• June

    I’m with you on all but the last one, Lorna! Angel Delight? Ugh! And absolutely no need when you can whip up a real mousse in about 10 minutes with just 3 ingredients. Farmers’ wives need cheaty recipes that make it look like it was harder than it really was, but without actually compromising. They also need to know how to get from scruffy jeans, wellies and wind-blown hair to “nicely presented” in 5 minutes flat!

    • Lorna

      Hi June, oh, gosh, I went from feeding calves on Monday morning at 9:30 to being dressed in my smart suit and wearing some makeup and leaving house at 9:55 hoping hair would dry by the time I got to where I was deliveirng a presentation! Yep, have that one sussed.
      Agree, I have a couple of good recipes but not many. Do you have any to share?

      • June Molloy Vladi?ka

        Here’s an easy chocolate mousse. Apart from melting a bit of chocolate there’s no cooking involved, Just 3 ingredients and it’s ready in minutes. If you set it in glasses or ramekins it will really look like you slaved and I bet it’s even quicker than the Angel Delight!


        I went to the hairdresser in my wellies today, hair matted from being in a headband all day. She didn’t bat an eyelid…

        • Lorna

          That does look scrumptious and I’m impressed with the organisation too re using yolks for mayo and the whites for the mousse.

          I’m pretty sure my hairdresser would look at me if I walked in in my mucky wellies 😉

  • Tara Sparling

    Lorna this is all extremely commendable (if not exhausting – I had to lie down after #6) but the vast majority of farmers’ wives I know of my own age also have full-time jobs outside the farm (I think you have about 7? Or is that 14?)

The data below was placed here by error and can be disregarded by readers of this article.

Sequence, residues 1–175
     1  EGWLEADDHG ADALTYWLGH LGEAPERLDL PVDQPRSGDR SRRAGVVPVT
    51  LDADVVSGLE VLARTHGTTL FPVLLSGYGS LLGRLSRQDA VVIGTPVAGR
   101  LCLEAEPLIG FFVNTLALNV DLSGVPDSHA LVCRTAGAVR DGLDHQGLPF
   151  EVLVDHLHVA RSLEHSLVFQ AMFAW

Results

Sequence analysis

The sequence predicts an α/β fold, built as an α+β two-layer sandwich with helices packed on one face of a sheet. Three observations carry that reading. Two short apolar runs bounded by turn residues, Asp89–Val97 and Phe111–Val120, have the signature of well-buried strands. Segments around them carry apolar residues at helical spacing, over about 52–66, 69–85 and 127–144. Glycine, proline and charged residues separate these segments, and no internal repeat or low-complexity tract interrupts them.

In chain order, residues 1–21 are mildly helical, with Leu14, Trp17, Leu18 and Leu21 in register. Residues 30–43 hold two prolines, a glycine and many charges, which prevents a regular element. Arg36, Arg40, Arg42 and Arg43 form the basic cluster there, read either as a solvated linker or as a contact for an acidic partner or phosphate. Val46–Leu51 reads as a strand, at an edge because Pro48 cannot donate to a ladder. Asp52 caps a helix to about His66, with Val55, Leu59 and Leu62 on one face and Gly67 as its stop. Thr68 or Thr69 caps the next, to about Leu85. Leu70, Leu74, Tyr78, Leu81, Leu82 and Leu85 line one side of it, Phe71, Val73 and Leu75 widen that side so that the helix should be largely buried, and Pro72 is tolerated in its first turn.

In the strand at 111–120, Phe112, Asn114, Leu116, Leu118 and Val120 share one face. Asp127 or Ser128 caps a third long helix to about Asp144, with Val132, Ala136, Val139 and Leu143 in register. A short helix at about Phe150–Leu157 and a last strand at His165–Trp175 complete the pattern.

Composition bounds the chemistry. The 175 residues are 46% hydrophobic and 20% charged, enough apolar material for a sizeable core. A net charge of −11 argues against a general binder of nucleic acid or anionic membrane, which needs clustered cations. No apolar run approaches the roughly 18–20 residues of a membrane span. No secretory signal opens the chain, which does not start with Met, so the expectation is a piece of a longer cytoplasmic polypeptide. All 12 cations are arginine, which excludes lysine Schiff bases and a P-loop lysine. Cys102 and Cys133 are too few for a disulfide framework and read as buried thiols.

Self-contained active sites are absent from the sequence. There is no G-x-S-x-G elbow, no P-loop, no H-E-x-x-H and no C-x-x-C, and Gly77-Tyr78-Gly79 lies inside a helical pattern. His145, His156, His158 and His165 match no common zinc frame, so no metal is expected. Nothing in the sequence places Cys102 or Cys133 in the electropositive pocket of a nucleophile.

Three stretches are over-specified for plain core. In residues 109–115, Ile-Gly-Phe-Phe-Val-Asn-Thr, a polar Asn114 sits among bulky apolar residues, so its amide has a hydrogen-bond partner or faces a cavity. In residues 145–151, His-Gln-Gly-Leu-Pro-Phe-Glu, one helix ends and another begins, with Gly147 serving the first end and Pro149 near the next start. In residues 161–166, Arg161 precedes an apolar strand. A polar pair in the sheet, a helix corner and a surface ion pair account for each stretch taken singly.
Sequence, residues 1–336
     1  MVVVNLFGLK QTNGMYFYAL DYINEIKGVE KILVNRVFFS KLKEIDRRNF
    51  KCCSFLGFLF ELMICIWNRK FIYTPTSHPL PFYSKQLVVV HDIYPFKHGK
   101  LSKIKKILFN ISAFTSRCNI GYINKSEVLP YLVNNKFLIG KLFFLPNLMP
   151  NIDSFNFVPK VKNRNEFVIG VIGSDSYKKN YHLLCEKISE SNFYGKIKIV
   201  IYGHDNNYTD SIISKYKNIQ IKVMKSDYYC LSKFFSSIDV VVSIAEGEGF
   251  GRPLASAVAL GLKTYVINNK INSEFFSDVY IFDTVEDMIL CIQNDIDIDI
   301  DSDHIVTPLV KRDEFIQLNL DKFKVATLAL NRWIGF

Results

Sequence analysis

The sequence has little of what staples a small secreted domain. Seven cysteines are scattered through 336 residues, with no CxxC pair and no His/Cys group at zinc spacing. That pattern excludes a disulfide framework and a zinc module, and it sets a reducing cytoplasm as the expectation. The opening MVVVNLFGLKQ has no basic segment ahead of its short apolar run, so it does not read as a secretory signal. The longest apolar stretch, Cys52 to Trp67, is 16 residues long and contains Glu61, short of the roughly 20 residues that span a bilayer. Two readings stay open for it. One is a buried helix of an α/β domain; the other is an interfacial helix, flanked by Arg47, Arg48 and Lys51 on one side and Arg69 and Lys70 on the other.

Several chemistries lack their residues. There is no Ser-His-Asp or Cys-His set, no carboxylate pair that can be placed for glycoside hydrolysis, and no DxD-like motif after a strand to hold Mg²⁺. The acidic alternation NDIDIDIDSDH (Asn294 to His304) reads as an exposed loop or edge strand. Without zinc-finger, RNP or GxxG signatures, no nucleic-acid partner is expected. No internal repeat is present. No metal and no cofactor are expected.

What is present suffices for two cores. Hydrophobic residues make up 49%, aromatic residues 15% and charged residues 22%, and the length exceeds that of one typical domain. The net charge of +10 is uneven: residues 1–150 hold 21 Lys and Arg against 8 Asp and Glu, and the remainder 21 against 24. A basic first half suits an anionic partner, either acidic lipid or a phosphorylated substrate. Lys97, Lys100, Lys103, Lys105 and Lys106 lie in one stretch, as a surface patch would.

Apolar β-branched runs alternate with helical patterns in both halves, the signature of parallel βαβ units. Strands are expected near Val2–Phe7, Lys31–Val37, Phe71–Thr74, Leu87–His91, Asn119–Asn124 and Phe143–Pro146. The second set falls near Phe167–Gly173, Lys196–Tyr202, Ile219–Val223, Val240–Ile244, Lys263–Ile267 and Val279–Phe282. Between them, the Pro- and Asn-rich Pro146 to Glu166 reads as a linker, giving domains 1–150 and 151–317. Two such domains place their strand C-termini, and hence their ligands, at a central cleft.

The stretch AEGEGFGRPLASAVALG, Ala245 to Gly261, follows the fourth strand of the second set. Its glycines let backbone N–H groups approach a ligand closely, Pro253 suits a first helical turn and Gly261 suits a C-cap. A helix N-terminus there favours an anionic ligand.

Is there any way perhaps of wiping out numbers 1-10 and scrawling instead “bring home a wage that takes the pressure off horrendously cyclical farm earnings whilst of course garnering the eternal adulation of your extended family who never moan about anything because you’re so amazing to be doing what you’re doing never mind not insisting on a 3-month holiday in the Seychelles during peak calving season”?!

    • Lorna

      That’s true Tara, lots of farmers’ wives are working full-time now and yes, some of them will still feed the calves in the evenings or feed contractors etc. I do like your replacement suggestion but the thing is, for most MILs, even if a DIL is working full-time and yes, paying the mortgage let alone perhaps supplementing the farm sometimes, she still has to be able to do all the things that traditional farm wives did – in order to be worthy of compliments!
      The teacher is seen as a ‘laying hen’ by the way, bringing in a wage and yet around during the summer to help with hay / silage / childcare etc. 🙂

      • Tara

        Oh, my God. A laying hen! I get the sentiment, but all the same if I ever hear anyone described as such to my face the speaker will be in full receipt of a punch into theirs. 😉

        • Lorna

          Well, I think they are described as such without anyone actually saying it to their face! In the 70s, marrying a teacher was as valuable as having an extra 20 cows and they were 20 virtual cows that didn’t have to be fed or milked! Nowadays it’s probably equivalent to a large herd!